THE BEBOP COWBOYS at the Cadillac Lounge (1296 Queen West), Friday (January 18), 9 pm. $5. 416-536-7717.
although toronto is probably the last place you'd expect to find a band playing late-30s western swing in 2002, that's precisely the reason why the Bebop Cowboys' Wednesday-night residency at the Cadillac Lounge is such a success. When it comes to knocking out Bob Wills-style hillbilly boogie and honky-tonk with a jazzy kick, guitarist Steve Briggs and his freewheeling ensemble of scene veterans -- drummer John Adames (Prairie Oyster), bassist Dennis Pinhorn (Downchild), steel guitarist Burke Carroll (George Fox, Dottie Cormier) and blues harpist Howard Willett -- have a local monopoly.
They also have a swank new self-released disc, cleverly named Debut. It well displays their knowledge of the pre-rock 'n' roll form that encompasses elements of blues, hot jazz and old-timey fiddle music. Yet their clever reworking of Bill Doggett's juke-joint R&B standard Ram-Bunk-Shush shows the Cowboys are willing to play with the parameters.
"This being a band made up of sidemen," explains the jazz-schooled Briggs, "we're all coming from different places musically and we each bring our own set of influences. Since western swing is such a mixed bag itself, this is really the perfect music for us to be playing together.
"I mean, anybody can throw in a blues lick, a jazz riff or even a bluegrass run, and it all works within a western swing format as long as it's played tastefully."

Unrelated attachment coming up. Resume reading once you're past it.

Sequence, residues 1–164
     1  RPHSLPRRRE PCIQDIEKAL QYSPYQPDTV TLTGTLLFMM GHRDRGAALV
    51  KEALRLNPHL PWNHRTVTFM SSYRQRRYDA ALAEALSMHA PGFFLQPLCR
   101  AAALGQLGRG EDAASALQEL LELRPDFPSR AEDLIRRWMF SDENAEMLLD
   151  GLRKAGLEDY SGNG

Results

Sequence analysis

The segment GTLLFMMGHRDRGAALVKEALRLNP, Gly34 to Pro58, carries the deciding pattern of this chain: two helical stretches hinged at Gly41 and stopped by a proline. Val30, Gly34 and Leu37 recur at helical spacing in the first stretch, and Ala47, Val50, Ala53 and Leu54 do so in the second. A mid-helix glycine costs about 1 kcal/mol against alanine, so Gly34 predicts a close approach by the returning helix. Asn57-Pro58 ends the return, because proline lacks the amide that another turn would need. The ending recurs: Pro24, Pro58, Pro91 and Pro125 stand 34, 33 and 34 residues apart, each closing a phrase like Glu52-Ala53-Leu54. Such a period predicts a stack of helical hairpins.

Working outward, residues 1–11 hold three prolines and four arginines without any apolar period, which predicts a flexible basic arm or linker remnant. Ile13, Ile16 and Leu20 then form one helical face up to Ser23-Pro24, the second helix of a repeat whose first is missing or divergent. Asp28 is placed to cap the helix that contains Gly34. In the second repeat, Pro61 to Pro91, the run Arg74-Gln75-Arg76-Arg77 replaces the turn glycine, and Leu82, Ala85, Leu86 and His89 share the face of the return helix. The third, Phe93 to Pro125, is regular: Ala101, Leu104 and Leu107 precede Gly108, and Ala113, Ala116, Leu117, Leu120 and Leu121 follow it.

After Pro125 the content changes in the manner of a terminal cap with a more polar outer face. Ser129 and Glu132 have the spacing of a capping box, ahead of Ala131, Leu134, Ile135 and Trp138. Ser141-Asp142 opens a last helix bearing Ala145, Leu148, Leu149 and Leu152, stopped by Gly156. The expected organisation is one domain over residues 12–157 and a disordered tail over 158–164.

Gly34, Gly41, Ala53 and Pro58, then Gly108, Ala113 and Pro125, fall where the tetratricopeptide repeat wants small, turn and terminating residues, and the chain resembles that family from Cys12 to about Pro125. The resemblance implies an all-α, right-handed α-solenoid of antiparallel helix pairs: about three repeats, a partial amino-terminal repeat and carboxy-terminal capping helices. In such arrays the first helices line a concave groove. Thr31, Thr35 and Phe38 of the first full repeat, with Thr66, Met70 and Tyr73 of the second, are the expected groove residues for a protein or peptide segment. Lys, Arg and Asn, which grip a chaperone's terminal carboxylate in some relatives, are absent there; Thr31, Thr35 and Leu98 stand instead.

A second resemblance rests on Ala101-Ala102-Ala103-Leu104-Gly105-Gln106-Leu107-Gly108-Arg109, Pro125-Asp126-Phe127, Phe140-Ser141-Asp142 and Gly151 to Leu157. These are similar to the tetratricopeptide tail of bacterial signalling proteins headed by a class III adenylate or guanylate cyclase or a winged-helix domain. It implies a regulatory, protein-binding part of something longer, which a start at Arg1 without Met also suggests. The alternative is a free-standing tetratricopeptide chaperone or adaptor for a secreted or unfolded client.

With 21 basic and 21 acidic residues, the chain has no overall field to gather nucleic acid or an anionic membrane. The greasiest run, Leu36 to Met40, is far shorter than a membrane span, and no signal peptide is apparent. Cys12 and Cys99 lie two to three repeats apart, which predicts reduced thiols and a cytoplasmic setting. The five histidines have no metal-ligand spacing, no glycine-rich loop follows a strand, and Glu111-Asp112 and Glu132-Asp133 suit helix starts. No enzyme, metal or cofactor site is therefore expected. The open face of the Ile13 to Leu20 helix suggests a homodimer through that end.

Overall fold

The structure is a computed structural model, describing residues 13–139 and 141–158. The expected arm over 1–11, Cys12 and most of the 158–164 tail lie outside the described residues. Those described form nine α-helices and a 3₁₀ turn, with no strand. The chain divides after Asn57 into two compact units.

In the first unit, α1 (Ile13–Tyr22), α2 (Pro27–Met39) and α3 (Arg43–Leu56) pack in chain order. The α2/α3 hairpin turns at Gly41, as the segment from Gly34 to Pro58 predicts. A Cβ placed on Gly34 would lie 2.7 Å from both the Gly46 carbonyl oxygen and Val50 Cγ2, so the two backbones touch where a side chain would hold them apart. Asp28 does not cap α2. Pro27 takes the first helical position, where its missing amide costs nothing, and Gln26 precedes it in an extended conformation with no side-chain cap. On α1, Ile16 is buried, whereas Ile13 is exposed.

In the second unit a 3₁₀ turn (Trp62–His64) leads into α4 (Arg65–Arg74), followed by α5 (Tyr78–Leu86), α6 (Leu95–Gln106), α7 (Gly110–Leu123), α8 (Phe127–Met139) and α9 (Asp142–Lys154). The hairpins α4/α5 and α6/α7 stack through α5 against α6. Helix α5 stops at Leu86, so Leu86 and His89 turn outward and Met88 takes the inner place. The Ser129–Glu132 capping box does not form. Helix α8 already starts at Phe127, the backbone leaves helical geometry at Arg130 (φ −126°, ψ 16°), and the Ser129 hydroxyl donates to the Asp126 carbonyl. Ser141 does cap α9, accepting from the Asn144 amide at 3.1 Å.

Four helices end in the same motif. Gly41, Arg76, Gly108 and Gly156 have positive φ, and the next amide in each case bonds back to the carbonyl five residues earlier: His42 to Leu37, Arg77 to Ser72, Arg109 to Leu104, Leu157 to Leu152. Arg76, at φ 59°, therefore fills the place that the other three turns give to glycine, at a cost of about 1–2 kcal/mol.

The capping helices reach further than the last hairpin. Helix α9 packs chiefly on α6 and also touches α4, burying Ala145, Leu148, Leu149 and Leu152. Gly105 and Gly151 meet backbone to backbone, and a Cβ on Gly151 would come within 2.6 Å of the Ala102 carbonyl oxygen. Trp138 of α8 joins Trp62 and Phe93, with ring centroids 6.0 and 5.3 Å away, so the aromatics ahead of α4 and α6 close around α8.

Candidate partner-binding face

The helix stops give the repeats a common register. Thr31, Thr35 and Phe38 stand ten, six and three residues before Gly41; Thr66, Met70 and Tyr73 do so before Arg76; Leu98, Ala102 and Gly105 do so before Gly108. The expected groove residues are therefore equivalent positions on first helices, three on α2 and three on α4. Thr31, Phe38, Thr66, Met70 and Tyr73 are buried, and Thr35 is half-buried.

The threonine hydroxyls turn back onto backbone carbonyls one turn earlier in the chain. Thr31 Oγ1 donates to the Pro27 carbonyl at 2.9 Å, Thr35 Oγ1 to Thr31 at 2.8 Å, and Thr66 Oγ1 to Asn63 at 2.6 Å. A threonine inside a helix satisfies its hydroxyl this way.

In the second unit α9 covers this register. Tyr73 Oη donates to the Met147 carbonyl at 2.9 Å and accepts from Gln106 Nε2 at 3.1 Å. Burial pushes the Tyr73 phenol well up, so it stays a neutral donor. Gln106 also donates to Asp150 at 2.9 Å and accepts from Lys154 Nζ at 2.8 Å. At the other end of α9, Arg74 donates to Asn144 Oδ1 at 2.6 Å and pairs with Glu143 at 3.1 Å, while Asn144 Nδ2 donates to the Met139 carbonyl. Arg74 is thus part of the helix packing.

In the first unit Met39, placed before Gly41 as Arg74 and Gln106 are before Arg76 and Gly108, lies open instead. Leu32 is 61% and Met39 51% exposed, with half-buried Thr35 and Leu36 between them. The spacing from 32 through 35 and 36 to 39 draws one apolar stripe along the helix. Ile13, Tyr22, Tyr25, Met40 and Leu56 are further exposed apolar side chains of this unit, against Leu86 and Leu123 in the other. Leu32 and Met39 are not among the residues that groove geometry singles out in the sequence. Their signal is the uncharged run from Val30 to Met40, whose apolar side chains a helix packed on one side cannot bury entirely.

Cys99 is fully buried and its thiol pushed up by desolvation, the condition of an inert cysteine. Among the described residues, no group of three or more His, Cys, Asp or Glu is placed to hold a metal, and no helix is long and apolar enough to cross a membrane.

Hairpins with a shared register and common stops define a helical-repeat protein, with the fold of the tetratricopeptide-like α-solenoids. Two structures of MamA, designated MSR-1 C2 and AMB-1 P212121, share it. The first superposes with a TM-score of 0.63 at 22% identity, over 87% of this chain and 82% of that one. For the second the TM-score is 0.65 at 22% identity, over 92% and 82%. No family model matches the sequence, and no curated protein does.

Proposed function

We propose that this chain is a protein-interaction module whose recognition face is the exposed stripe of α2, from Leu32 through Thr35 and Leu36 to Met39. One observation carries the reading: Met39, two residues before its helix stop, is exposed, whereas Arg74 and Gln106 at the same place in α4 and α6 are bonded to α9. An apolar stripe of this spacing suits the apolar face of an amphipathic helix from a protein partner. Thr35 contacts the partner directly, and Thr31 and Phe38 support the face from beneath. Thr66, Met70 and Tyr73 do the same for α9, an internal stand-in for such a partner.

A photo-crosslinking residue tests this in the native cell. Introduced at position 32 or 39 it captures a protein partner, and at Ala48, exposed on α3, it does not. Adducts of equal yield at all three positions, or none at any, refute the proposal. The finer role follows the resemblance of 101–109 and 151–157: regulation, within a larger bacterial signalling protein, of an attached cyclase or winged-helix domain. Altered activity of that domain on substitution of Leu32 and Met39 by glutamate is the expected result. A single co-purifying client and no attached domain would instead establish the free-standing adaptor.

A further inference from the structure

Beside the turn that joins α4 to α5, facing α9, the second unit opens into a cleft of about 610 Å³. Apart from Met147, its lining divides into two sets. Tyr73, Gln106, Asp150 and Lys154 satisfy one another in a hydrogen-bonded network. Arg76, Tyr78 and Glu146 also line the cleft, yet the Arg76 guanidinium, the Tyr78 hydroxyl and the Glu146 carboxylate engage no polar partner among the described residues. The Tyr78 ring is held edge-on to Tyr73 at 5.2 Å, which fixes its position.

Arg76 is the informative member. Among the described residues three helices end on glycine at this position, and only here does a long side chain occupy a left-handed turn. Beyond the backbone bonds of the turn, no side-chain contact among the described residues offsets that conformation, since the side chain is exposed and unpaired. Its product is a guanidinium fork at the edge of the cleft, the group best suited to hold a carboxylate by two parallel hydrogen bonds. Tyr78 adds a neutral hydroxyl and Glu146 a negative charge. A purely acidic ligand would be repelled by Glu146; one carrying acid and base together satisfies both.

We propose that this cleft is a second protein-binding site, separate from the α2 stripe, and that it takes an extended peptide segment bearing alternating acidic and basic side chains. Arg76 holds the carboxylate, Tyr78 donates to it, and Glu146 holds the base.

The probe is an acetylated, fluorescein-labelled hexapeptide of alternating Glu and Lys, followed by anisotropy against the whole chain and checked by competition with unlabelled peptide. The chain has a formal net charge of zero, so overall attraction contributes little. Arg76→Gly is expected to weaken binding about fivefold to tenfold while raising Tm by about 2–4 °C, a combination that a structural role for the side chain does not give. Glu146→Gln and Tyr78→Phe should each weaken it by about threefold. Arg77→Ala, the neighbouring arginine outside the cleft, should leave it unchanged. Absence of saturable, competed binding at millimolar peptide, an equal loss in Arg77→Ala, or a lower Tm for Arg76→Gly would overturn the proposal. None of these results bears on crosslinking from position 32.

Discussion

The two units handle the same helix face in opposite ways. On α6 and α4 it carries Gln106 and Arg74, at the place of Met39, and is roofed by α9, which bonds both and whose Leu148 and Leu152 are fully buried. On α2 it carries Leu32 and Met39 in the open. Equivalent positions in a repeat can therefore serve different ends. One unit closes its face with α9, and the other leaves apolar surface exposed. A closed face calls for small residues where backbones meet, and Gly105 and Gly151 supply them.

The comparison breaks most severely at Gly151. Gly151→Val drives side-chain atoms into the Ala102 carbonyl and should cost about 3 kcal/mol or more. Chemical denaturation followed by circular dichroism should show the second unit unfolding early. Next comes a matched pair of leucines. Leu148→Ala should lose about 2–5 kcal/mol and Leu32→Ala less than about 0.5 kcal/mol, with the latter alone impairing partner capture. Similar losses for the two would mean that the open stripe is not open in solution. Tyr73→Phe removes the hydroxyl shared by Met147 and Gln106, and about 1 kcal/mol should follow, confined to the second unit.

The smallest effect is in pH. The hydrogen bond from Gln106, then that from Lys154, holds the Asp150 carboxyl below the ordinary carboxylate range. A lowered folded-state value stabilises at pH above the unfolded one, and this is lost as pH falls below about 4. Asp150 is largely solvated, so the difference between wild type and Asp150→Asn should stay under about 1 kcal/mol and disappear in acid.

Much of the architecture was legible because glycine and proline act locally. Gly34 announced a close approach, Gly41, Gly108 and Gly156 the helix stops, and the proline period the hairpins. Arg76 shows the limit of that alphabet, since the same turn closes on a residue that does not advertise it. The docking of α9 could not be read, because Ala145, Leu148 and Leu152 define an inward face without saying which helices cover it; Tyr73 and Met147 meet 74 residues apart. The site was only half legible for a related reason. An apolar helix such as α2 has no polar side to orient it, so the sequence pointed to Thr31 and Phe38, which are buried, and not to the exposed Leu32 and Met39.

When it comes to western swing, taste is crucial, as Briggs discovered when trying to make the transition from informal jam sessions with like -minded Spade Cooley fans to a real working band.
"At first we were all so excited about the level of musicianship brought together, we were soloing at every opportunity and it was turning into a blow-fest. Eventually, I had to say, "Hang on, guys -- we're losing the feel of western swing.' Hot riffs are fine, but you can't forget that you're playing a song with a melody, and that melody is very important.
"Western swing was pop music in its time, and I think that pop sensibility is what's still appealing about it today. That might be why some people say, "I don't really like country music but I like what you guys do.'"
Considering all the other bands that the members of the Bebop Cowboys split their time with, it's unlikely they would've been able to develop their unique take on western swing so quickly were it not for their weekly gig at the Cadillac Lounge. Briggs and company evidently took a tip from the new kids on the block.
"We got the residency idea from the Backstabbers and Crazy Strings," confides Briggs. "It not only gives you great exposure and builds your following, (but) playing for a live audience every week really helps with the whole creative process.
"There's much more that goes into making a great band than putting five incredible musicians in a room. You need to play together to develop a chemistry. I've seen bands that probably didn't know any more than five chords between them but they clicked, and that's what people respond to when they go to a show.
"When someone says, "You're even better tonight than you were last Wednesday,' I know we're on the right track."